This is the first instalment of our legal jargon buster series. Legal terminology can be confusing and it is important that you understand what your legal advisor and/ or the Court is telling you.

Our commercial dispute resolution team regularly deals with complex contractual disputes, professional negligence claims, high value debt recovery matters and shareholder/ partnership disputes.

This article will be looking to explain some key words & phrases used in the context of these types of commercial disputes, teaching you some legal terminology.

Burden of proof

This term describes the obligation on a party to produce sufficient evidence to support their case. In civil cases, the burden normally rests on the Claimant to demonstrate that on the balance of probabilities, they have a sufficient claim against the Defendant.

The civil level of the burden is more likely than not i.e. 51% likely.


An award, typically of money, for loss or injury that has been suffered.

Default judgment

Default judgment is when the Court enters a judgment against a party as a result of a default on their part. For example, their failure to file a defence within the relevant deadline. When granting judgment in default, the Court is not looking at the underlying merits of the case, it is simply an administrative exercise.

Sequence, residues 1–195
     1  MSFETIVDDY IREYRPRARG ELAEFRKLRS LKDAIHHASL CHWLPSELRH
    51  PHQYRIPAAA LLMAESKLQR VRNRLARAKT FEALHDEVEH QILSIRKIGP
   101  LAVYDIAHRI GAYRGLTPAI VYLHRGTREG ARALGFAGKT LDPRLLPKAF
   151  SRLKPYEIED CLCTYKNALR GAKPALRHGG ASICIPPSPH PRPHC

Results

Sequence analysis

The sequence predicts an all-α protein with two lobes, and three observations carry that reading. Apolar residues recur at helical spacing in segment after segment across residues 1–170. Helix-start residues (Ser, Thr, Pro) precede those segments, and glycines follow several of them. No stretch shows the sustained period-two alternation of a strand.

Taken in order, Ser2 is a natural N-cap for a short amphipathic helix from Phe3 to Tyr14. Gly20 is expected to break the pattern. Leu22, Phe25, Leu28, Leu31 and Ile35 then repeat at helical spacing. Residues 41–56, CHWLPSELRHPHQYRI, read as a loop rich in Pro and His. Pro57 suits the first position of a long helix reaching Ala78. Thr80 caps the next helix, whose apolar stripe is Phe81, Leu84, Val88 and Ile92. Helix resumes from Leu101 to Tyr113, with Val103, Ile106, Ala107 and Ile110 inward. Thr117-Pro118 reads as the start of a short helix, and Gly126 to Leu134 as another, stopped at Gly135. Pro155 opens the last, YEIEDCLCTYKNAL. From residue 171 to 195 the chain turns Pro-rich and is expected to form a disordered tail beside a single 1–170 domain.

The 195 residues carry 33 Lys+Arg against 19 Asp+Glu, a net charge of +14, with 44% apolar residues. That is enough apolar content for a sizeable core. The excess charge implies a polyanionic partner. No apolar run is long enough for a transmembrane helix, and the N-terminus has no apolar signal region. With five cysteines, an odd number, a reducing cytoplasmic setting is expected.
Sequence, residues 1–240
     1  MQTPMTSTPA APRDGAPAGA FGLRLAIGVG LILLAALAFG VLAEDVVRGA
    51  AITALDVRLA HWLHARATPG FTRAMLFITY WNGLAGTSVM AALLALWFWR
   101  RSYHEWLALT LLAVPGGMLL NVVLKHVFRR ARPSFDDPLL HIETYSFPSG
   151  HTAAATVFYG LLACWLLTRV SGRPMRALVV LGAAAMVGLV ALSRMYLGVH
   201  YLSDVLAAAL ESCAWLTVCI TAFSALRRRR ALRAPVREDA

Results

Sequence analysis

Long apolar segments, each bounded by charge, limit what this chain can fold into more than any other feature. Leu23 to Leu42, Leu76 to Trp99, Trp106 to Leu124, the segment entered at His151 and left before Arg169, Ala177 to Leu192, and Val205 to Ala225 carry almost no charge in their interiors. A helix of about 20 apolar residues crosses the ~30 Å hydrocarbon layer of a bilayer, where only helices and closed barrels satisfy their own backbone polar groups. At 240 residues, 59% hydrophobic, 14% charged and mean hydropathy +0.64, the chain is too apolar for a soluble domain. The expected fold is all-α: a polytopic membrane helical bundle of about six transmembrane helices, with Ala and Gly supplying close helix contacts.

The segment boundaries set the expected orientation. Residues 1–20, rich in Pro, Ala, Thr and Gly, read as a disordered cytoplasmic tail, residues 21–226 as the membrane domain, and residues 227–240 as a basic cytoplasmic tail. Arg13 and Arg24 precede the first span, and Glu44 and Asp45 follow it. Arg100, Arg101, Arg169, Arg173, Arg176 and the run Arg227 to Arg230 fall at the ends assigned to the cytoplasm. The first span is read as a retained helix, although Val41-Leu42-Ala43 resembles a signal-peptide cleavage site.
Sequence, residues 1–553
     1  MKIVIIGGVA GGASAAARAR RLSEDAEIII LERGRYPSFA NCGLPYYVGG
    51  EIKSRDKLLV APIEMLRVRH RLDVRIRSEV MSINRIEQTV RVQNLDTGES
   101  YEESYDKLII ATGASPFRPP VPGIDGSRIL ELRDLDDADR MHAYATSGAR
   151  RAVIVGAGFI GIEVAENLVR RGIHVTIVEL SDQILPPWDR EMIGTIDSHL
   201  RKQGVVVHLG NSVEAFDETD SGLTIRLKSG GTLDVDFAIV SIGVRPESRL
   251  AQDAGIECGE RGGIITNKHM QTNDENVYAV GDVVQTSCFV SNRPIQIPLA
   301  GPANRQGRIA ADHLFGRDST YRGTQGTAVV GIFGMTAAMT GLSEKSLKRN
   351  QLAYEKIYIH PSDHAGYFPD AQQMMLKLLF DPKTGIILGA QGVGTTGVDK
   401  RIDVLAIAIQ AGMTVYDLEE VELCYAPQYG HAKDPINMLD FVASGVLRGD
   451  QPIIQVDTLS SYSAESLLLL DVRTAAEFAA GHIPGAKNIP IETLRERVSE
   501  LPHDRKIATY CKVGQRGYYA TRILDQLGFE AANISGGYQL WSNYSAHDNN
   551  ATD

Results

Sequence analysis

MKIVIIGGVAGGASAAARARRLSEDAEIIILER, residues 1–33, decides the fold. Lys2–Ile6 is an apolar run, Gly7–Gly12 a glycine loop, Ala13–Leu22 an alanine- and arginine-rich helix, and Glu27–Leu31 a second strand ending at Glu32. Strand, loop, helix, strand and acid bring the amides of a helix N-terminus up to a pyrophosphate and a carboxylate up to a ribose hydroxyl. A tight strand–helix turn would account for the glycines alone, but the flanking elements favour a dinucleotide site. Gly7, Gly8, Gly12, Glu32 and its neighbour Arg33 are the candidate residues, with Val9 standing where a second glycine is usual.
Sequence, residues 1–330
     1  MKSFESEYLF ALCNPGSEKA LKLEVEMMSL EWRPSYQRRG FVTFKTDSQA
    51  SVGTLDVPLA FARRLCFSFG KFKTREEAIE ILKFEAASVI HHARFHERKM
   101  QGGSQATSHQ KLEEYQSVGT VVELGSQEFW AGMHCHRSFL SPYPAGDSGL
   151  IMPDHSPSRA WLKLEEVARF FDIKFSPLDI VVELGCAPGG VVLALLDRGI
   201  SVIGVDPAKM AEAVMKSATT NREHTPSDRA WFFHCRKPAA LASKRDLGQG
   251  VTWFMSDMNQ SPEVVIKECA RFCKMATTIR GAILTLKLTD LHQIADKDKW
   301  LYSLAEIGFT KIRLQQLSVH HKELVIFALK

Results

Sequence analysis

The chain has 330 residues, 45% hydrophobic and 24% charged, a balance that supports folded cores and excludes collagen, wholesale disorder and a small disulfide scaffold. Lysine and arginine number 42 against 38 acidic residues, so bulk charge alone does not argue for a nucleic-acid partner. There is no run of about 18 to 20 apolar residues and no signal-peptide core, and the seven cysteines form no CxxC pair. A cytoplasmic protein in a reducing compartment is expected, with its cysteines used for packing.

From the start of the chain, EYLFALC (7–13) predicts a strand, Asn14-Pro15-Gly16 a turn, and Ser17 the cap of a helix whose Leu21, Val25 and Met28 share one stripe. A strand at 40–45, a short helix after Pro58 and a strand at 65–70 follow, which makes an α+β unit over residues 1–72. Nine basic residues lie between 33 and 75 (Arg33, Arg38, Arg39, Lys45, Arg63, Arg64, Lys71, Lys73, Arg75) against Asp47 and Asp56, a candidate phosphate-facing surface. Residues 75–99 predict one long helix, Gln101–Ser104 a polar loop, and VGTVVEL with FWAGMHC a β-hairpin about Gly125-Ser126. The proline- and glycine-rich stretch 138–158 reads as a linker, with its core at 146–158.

This is where a party confirms the existence of documents which are relevant to the dispute.


This is the period of time before proceedings are issued. It is often used in the context of “pre-action correspondence” (i.e. letters which are sent between the parties before a claim has been issued).

Without prejudice

Without prejudice is a label used to correspondence/ discussions which prevent them being put before the Court as evidence of an admission. You can only rely upon the without prejudice rule if the statements are made in a genuine attempt to settle an existing dispute.

Without prejudice save as to costs

This is where the correspondence/ discussions cannot be put before the Court at the evidence stage of proceedings a trial. They can only be considered by a judge after the main judgment has been made, for example, when the judge is deciding what costs order to make.


You can read the second instalment of our legal jargon buster series here, and the third instalment here.

If you have any enquiries regarding dispute resolution matters please feel free to contact us.